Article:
Thanks for all the questions. Didn't get yours answered? My mailbag is open as always.
Trey in Whitesboro, Texas, asked: I know Texas A&M is returning a lot of starters this season but are there any players that are not being talked about that you think could have big contributions to this seasons team?
David Ubben: I don't hear enough about Christine Michael, and it seems like I'm the only person who seems to remember he was playing much, much better than Cyrus Gray before he went down with the injury.
He runs with a power that nobody else in the Big 12 has, with maybe the exception of Terrance Ganaway at Baylor, and his speed is still solid. He's a guy I wouldn't want to stare across a hole in the offensive line at if I was a linebacker, but I think I'm in a very small minority of people that thinks he's the second-best back in the Big 12, behind Gray, who really improved late in the year.
So, Michael is pretty far from an under-the-radar guy, but he's a guy I do think is being overlooked in a big way this offseason.
Louis in McKinney, Texas, asked: Hey Ubbs,Great blog! What is a tougher road test for my Pokes; Mizzou, Tech, or Texas? I know that going to Kyle Field will be the toughest venue we see this year, but all of these scare me.Thanks!
DU: I'll go with Missouri, just because it's the best team from that group. Faurot Field can be intimidating at times (ask Oklahoma), but it's not always that nuts.
Tech has by far the toughest atmosphere from that group, but if they have to outscore Oklahoma State, they're going to have problems. Texas is just too much of a wildcard, and I don't see them having enough horses on offense to outscore the Pokes, either.
Thus, beware of The Zou.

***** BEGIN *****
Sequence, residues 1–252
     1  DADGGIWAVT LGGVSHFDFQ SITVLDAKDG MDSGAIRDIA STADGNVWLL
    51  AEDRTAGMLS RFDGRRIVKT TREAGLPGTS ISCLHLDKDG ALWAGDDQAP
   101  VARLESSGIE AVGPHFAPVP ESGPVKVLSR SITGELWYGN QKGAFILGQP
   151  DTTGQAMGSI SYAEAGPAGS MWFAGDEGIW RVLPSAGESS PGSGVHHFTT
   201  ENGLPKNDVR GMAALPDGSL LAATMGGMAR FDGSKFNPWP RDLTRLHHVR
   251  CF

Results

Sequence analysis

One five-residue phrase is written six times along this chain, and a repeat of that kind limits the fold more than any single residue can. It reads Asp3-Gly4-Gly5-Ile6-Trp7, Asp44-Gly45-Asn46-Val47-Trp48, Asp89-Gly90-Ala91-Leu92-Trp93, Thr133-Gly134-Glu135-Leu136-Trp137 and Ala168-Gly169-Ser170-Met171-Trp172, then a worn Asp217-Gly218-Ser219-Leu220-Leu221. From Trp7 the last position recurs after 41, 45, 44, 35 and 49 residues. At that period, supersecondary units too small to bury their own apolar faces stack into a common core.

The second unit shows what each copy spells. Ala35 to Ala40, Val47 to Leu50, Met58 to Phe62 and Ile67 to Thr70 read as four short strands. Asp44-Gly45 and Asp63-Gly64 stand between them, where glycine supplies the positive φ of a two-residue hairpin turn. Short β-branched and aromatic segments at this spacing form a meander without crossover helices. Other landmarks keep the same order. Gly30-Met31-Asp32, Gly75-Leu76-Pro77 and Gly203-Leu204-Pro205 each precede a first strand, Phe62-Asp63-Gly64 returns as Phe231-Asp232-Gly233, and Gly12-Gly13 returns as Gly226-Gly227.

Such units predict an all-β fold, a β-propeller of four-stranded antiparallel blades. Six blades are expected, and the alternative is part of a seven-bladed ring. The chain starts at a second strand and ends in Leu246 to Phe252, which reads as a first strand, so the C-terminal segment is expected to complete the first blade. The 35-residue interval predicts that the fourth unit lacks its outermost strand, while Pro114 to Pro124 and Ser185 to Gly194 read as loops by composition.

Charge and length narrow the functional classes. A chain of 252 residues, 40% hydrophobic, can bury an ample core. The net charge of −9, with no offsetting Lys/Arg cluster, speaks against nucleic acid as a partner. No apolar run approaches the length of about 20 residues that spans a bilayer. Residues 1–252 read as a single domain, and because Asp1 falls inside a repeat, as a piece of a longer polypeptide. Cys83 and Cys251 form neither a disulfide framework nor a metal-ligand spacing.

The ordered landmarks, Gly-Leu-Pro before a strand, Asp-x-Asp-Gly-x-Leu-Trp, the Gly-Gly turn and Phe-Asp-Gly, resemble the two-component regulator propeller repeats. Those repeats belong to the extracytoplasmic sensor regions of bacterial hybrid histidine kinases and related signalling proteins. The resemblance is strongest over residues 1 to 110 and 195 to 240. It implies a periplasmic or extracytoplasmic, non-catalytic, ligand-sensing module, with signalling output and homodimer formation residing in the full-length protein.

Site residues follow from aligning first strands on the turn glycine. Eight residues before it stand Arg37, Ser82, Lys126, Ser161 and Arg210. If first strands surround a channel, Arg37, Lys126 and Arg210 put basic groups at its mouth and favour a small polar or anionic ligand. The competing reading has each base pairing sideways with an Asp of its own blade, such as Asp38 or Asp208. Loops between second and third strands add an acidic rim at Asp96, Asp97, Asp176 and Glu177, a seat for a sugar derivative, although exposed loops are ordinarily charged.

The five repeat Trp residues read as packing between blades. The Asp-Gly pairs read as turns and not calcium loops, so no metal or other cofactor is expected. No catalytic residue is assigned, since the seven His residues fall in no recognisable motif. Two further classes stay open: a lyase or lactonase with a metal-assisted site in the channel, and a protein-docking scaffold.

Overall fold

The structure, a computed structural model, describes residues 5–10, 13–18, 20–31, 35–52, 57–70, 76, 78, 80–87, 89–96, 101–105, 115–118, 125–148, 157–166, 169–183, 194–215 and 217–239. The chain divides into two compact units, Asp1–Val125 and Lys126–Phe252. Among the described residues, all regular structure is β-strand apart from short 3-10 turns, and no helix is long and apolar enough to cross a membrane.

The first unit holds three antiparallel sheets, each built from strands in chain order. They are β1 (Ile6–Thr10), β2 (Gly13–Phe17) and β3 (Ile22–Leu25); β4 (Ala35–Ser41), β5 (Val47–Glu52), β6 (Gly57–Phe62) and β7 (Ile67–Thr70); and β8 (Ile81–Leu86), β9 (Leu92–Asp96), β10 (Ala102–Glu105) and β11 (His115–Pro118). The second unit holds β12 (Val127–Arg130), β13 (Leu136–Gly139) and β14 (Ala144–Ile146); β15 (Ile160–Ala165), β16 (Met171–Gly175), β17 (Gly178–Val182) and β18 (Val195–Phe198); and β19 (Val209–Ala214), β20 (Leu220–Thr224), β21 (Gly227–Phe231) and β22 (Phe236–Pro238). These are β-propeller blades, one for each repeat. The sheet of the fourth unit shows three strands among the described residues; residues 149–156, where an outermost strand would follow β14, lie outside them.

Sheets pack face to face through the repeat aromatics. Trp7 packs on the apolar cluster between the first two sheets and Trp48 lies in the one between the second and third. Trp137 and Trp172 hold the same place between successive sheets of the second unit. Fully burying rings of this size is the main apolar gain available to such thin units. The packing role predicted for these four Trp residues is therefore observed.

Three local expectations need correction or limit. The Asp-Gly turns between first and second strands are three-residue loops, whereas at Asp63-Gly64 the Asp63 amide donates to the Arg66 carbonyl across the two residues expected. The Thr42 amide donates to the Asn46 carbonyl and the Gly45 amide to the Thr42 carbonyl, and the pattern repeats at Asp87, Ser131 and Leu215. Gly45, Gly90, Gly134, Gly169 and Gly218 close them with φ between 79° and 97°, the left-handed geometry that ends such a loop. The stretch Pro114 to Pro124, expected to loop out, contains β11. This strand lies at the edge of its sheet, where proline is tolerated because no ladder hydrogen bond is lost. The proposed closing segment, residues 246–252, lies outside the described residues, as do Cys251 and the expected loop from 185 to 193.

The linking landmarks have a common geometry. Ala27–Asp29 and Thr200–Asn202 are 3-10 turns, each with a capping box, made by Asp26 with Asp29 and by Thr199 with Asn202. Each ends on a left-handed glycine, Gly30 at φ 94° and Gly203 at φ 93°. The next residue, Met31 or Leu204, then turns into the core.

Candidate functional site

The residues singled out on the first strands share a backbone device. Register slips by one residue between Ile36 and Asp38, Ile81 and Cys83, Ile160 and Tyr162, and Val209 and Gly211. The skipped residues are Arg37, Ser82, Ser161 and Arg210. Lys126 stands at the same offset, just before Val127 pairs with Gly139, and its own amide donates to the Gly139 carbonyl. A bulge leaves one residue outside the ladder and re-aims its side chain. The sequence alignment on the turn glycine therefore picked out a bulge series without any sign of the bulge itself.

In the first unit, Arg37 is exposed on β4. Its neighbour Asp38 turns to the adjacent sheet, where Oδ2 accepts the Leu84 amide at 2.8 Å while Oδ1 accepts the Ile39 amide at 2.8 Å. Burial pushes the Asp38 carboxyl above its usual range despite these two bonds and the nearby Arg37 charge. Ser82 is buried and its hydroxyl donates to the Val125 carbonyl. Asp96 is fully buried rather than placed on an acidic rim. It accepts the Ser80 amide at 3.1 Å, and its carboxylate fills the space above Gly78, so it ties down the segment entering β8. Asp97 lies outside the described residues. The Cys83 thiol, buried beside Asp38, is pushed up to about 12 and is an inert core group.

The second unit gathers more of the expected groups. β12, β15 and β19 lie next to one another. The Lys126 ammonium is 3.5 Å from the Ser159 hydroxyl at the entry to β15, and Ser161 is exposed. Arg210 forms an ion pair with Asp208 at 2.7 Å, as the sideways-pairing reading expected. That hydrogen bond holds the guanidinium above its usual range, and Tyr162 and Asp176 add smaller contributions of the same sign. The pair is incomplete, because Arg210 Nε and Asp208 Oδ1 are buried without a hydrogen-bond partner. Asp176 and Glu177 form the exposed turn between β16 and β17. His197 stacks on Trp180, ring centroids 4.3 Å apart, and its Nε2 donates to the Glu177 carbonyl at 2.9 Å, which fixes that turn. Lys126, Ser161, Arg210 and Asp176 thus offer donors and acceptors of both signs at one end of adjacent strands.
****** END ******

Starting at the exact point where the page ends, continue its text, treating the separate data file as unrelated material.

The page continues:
Hankamer in Rowlett, Texas, asked: David -- last year you spent a Day in the Life of Robert Griffin III. Any plans on doing that with any other Big 12 players? Also, are you visiting any campuses before the season begins? If so, who and when? Thanks
DU: It's not 100 percent just yet, but it doesn't look like I'll be doing any traveling until the season starts. However, I'll get on the road plenty this fall for some actual football.
I don't think I'll be spending any more days in the life of Big 12 football players (I did do it with the Oklahoma baseball team this year, though), but I enjoyed the time in Waco with Robert.
Jared in Ames, Iowa, asked: Ubs, do you plan on making a trip to Ames this year? That new scoreboard is looking pretty sweet at JTS.
DU: I'd love to, but ultimately, it's up to the Cyclones. I'm usually at the biggest game in the Big 12 that week. Win, and you bet I'll be there. I'd love to see the new scoreboard. I haven't been keeping up with the webcam, but the mock-ups looked pretty good.
Zack in College Station, Texas, asked: I'm an Aggie through and through, but isn't it time Paul Rhodes gets a little credit for what he's doing at Iowa State? He took a team formerly run by Gene Chizik (Coach of the Year) and won 1 more game in his first year than Chizik did in his 2 years. Last year against one of the most formidable schedules in the country he had them on the brink of bowl eligibility again. Can we get the guy some love?
DU: No, I think he gets plenty of credit from those who pay attention to the Big 12. Iowa State has rather obvious limitations and hurdles it has to clear to have success in the Big 12, but based on the resources, both financial and physical, Rhoads has had his teams knocking on the ceiling of their potential in each of his three seasons in Ames.